They've gone through a preliminary hearing, over several days. They've indicated, in terms of their fears of testifying. Harassment, stalking. And they've had to testify at trial.
It's not an easy thing to do. And again you're here in front of strangers, and you're being asked about the most intimate details in your life. Did he insert his penis? Where? And what did you do. It's not easy, but they got up here and they did it.
Ask yourself why they did that. Is it because they just blatantly fabricated? Why? There's motive here for them to be doing this. Other than to get justice. And that's what you're all here to do. You have the opportunity to go back there, to review the evidence, to consider what is reasonable and what is not, and to give these three women their justice.
Because based on the evidence that's what they deserve right now.
So i urge you to go back there, talk amongst yourself, judge what is reasonable, and you come back here and you find this defendant guilty. Because based on the evidence, that's what you need to do. Thank you.
Judge Olmedo thanks both attorneys. She asks the jury to go back into the jury room. And we will go back there to give you some more instructions just in how to get access to exhibits. And alternates, you need to go into the hallway and you will get further instructions.
If you want to review clips or transcripts, and then you will be brought back out to review them here.
So take your notebooks with you and go back there and we'll be there in a minute.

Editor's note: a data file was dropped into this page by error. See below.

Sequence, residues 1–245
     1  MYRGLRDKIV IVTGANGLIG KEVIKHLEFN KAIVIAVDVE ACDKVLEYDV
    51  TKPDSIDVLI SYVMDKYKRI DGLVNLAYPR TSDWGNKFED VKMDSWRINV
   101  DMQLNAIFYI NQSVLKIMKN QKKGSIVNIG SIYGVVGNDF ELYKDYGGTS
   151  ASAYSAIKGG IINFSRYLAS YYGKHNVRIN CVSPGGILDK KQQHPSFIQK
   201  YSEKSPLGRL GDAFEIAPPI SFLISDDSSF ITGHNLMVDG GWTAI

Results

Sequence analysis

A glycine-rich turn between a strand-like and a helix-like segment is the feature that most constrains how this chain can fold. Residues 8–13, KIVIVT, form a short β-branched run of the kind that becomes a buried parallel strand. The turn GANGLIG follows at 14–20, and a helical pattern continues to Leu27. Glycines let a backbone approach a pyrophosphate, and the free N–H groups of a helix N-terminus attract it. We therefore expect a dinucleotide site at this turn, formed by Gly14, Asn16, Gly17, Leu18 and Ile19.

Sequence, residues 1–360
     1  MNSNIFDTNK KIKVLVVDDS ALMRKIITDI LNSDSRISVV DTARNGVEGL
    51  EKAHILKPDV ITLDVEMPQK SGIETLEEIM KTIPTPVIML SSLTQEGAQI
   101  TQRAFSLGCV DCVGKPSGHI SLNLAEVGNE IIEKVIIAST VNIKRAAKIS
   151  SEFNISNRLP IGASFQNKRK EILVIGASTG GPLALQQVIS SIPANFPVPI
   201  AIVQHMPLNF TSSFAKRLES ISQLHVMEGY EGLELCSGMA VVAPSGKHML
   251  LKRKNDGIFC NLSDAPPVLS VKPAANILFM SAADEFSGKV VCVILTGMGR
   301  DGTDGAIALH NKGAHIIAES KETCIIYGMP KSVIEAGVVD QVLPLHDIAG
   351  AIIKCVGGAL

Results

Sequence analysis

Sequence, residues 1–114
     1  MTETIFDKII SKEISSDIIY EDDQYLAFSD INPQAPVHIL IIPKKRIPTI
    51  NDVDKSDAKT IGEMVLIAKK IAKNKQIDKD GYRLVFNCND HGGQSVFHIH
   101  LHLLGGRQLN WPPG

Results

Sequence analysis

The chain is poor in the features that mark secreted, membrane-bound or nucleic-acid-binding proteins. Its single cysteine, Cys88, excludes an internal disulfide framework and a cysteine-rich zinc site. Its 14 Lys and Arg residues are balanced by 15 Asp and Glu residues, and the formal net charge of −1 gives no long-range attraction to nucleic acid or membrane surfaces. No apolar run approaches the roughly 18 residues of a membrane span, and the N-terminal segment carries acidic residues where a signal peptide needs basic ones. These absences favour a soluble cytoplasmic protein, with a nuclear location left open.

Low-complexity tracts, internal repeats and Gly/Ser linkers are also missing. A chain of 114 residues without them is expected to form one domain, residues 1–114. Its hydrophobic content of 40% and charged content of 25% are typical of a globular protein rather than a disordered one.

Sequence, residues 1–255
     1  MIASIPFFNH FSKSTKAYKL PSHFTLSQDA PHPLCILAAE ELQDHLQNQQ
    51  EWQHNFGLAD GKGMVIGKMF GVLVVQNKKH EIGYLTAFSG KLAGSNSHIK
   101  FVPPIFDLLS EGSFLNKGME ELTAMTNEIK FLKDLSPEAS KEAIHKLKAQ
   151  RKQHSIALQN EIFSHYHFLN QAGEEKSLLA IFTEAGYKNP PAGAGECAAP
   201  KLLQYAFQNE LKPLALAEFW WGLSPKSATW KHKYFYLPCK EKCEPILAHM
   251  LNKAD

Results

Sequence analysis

Jury leaves. Alternates go to the hallway.
With that said, the clerk swears the bailiff to take control of the jurors.
For the attorneys, I assume the clerk has your cell phones, and you are no more than 15 minutes away. And Mr. Masterson you have to remain in the courthouse. Not 15 minutes away, but somewhere in the courthouse.
Asks the attorneys to review the verdict forms.
Cohen: During our 402s I had requested the court take judicial notices of (code). It says, a criminal charge (including rape) this is for bringing a civil lawsuit after a conviction. I argued that earlier. And Mr. Mueller says there is no financial motive, but this law directly addresses this.
Number 2, Mr. Mueller mentioned with respect to JD3 the December 2001, that the law prevents us from filing. There has been no testimony on that. The statement having now been made, causes significant confusion, speculation by the jury, and opens up a whole Pandora's Box with statute of limitations, etc. I don't know why that statement was made. I made no mention that the Jane Does' testimony changed to fit in a statute instead of one that has run.
So with that said, I don't think I've made a motion for a mistrial in at least two days, so i am going to make a request. I think it's a significant error.
Mueller: With regard to the December incident, the defense has been heavily arguing how this incident that JD3 has focused on it over and over again. The jury would be inclined to question why that Dec incident had not been filed, that the people didn't believe her.
Olmedo: The problem is, it's not in evidence, so why did you argue it?
Mueller: Because it had been argued so much and there is a question why we didn't file it.
Olmedo: All right, as to the first, my ruling stands. With regards to Mr. Mueller's statement. That statute of limitations of that incident is not in evidence. With that said I have admonished that what the attorneys say is not evidence. I have given them an instruction about that. and I am happy to bring them back out and tell them that is not in evidence and it is stricken.
Cohen: I appreciate that, but I think it may cause more harm because it makes them wonder about it.
Olmedo: I just said I would sustain an objection, and I would do it even now if the jury wishes.
Cohen: No, thank you.
Olmedo: The court will be open. The family can wait here. The public can wait her if they wish. The court will be open its normal hours.